Above: Dr Erin Helyard conducted from the harpsichord and was soloist in C.P.E Bach’s Keyboard Concerto in C major. Featured image: Skye MacIntosh, Artistic Director of Australian Haydn Ensemble.
This final concert from Australian Haydn Ensemble (AHE) in its 2017 season was a dramatic delight featuring fine works from the later eighteenth century orchestral repertoire.
Anthony Albrecht’s quality programme notes featured a quote from Haydn about his creative seclusion in the Esterhazy court where he ‘had to become original’.
All works from the composers in this programme were meaty examples of how musical masters pioneered the conveying of mood and feeling in musical environments. The relevant affectations shone in the hands of AHE in its full orchestral mode. Especially enjoyable were two works in the programme’s centre from the individual, radical and emotionally outspoken C.P.E Bach.
It is a welcome chance when we can hear C.P.E Bach live. It can feel like regular programmes are wanting for not including his colourful and moving outlook. In 2017’s final AHE concert we were treated to an orchestral work and keyboard concerto by this Bach, with early music exponent Dr Erin Helyard conducting from the harpsichord and dazzling us as a concerto soloist also.
Just before interval, Helyard and AHE presented C.P.E Bach’s Keyboard Concerto in C major Wq.20. The refinement and emotional honesty of this composer’s language was expertly captured as the music moved between soloist and orchestra. Helyard in particular offered great contrasts and satisfied the composer’s emotional agenda with an impressive display of the harpsichord’s potential.
The above was demonstrated during intimate solo moments, especially in the opening movement, and also via seemingly effortless passages of ornamentation and bravura scalic movement which rose over the solid orchestral support later in the work.
Following interval, AHE alone continued its presentation of the famous child Bach with the Sinfonia Wq 179 in E flat major. The audience were given insight in programme notes into an eighteenth century concert approach. A quote from C.P.E Bach advised that the performer ‘must feel all emotions that he hopes to arouse in his audience’.
This was successfully achieved in a dynamic and crisp performance by AHE and Erin Helyard. The well-managed orchestral effects and juxtaposition of expressive gesture in the outer movements contrasted keenly with the plaintive nature of the slow movement.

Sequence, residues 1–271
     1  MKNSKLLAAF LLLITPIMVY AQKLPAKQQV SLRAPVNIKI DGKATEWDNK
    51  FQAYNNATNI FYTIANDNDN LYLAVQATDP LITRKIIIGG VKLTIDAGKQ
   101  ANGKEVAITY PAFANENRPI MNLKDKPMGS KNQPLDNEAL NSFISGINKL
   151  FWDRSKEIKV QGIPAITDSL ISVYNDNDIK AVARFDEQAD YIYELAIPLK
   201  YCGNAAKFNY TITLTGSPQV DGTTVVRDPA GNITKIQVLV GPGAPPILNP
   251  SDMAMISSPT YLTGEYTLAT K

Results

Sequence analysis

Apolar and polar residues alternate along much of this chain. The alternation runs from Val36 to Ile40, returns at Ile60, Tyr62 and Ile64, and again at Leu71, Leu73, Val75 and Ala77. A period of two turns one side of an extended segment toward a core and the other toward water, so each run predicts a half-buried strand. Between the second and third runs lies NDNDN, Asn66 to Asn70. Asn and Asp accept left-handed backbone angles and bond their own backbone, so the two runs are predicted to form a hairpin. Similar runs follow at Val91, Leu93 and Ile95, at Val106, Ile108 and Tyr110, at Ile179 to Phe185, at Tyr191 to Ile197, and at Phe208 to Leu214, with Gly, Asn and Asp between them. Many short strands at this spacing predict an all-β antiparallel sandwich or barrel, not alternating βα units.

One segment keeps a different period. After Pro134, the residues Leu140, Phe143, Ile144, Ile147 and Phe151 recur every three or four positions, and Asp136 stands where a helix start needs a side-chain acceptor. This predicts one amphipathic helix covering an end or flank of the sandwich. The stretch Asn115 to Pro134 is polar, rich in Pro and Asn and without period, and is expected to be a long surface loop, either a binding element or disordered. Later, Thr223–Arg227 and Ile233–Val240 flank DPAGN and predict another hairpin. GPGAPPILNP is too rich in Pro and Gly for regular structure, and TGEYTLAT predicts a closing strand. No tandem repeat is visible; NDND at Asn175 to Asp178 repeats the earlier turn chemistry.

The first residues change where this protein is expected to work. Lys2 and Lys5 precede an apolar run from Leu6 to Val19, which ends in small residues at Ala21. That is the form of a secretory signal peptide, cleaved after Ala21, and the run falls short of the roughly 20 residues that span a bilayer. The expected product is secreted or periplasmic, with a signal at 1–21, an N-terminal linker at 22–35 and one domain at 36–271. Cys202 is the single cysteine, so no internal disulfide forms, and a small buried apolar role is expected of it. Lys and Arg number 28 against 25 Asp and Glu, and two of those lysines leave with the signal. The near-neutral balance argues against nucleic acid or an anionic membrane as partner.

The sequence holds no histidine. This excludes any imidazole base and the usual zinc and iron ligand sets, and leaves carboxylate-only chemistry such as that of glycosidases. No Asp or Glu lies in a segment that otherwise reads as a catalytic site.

Precision and clarity were present in Mozart’s Symphony No.29 in A K.201 which began the concert. The familiar opening to this work featured a tempo choice enabling elegance, eloquence and excellent momentum. It was a good sign of the delights to come in the remainder of the evening.
The teenage Mozart here, in control of manipulating symphonic structure of the time, provided performers with a great arsenal of dramatic device and a unique, sensitive rendering of instrumental possibilities in his art form. This orchestra transferred such gifts to us in neat, clean, broad strokes of nuance and articulation.
To conclude the programme, Australian Haydn Ensemble mirrored the genius of Mozart with the uniqueness and innovative craft of their signature composer, Haydn. In this way, Haydn’s Symphony No 52 in C minor, midway in his innovative output, completed the evening of progressive structure and bold expression with a firm salute to the ‘storm and stress’ concerns of the time.
Once again, Dr Erin Helyard and Artistic Director Skye MacIntosh worked well together to skilfully harness the talents of this popular ensemble. Emotional turmoil, serenity and dance movements with a heavier sturm und drang difference were all to be savoured before the evening concluded with this work’s stunning Presto.
The concert was well received and ended 2017 in style. AHE’s 2018 season promises more landmark symphonies, intimate chamber music and collaboration with vocalists on much-loved repertoire. It will be a worthwhile addition to anyone’s concert calendar.
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